Suicide and Social Media

Matty Weaver

Content warning: the following covers topics of depression and suicidal thoughts, as well as describes acts of personal violence


 

 

I was twelve when I first contemplated suicide. 

I stood in front of the bathroom mirror, a steak knife to my neck, wondering if the way my blood left my body would look like it did in the movies. I didn’t think about my mother or my siblings finding me, having to clean up, having to move to a new house because they couldn’t take the image of my dead body every time they brushed their teeth or went to the bathroom. I moved the knife to my wrist, poking just enough to draw a pinprick of blood, watched it bubble up and turn to a small stream, then drip into the sink. I put down the knife, washed my hands and my wrist, applied a bandage and snuck the knife into the top drawer of my dresser, where it stayed until I was home alone and could return it to the kitchen drawer without risking someone seeing it. I went into the hallway and sat down at the computer. I signed into my AOL account and listened for the sounds of doors opening and closing, of people signing off and signing on. A message popped up on screen: hey ;) 

This was a common occurrence for me at twelve. I had no real understanding of what suicide was or what it meant. I was a confused, sad kid. I spent my nights on the Internet. Everything clicked for me after Sarah.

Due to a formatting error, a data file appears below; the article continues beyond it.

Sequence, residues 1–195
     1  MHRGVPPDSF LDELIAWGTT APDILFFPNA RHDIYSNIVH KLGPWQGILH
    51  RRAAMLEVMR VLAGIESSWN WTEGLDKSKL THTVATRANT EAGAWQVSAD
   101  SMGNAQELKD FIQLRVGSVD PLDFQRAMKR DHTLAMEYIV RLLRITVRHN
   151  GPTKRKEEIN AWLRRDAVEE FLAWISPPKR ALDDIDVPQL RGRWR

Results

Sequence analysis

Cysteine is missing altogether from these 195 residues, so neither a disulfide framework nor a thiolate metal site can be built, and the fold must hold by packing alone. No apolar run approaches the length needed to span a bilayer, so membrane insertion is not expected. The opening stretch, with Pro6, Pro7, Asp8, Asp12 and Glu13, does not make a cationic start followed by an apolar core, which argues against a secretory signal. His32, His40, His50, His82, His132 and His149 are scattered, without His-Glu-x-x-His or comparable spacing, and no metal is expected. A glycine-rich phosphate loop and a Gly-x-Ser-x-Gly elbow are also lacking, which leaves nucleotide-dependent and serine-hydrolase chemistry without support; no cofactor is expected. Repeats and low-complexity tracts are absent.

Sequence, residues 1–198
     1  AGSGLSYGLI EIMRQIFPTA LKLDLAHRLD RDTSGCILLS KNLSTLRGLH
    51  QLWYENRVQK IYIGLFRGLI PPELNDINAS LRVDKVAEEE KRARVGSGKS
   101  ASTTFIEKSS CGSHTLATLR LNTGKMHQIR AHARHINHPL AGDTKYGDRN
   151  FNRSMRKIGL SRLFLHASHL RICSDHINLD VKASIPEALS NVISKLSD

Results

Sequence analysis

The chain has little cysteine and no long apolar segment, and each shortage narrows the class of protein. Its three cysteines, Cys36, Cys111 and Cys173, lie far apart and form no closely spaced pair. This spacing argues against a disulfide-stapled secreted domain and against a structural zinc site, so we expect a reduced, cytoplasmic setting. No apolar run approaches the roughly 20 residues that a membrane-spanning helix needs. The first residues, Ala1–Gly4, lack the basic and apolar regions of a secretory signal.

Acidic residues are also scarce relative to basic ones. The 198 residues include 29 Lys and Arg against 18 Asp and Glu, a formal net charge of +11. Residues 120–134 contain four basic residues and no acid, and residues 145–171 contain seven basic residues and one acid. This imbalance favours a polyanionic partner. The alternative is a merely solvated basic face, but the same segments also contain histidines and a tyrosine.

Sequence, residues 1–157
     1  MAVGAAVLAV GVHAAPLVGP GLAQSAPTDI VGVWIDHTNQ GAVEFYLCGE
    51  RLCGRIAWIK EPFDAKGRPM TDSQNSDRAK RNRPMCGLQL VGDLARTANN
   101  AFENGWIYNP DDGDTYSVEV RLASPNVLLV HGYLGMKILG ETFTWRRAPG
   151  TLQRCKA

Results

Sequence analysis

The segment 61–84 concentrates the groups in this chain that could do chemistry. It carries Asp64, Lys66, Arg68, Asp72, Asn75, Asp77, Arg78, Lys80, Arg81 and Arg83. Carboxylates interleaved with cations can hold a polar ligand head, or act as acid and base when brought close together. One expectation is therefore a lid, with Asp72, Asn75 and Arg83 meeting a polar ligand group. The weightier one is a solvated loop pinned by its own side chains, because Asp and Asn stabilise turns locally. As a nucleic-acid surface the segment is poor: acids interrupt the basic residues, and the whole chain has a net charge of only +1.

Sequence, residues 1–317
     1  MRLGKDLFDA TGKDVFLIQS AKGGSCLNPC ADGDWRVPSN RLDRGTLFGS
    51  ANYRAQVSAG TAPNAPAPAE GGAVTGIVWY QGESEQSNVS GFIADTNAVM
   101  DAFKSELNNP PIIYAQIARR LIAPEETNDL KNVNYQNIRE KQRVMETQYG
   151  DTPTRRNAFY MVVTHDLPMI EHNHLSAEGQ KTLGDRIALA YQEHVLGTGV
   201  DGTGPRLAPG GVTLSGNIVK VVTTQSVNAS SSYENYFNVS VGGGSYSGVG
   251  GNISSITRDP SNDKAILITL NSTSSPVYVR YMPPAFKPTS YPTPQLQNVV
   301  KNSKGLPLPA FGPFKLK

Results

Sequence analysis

Sarah was my best friend at the time. I loved her and I had never even met her. We communicated with each other via text through the Internet on school nights and on weekends. When I found out she had died, after having not talked to her in a year, I didn’t know what to do. I told no one. No one in my family even knew she had existed. How could I tell them? I reached out to my online friends but no one knew her like I did. We grieved. It never felt like it was enough. We had built up a history with her and she was gone; not just gone, but dead. That took me a long time to come to terms with. 

To go back and recount my experience with the Internet would take a long time. I think it’d make for a good story. For now, I want to talk about mental health, the Internet and social media. 
Social media, at its core, is about communication. It keeps us in constant contact with our loved ones, provides an outlet for our creative pursuits and keeps us clued in to the world around us. We have nearly unlimited access to information about our hobbies and our interests. We can express ourselves publicly, so everyone knows how we feel, and we can rant anonymously, just so we can get things out of our system. We can meet people we could never even dream of, people with wildly different backgrounds, identities, customs and ideas about the world.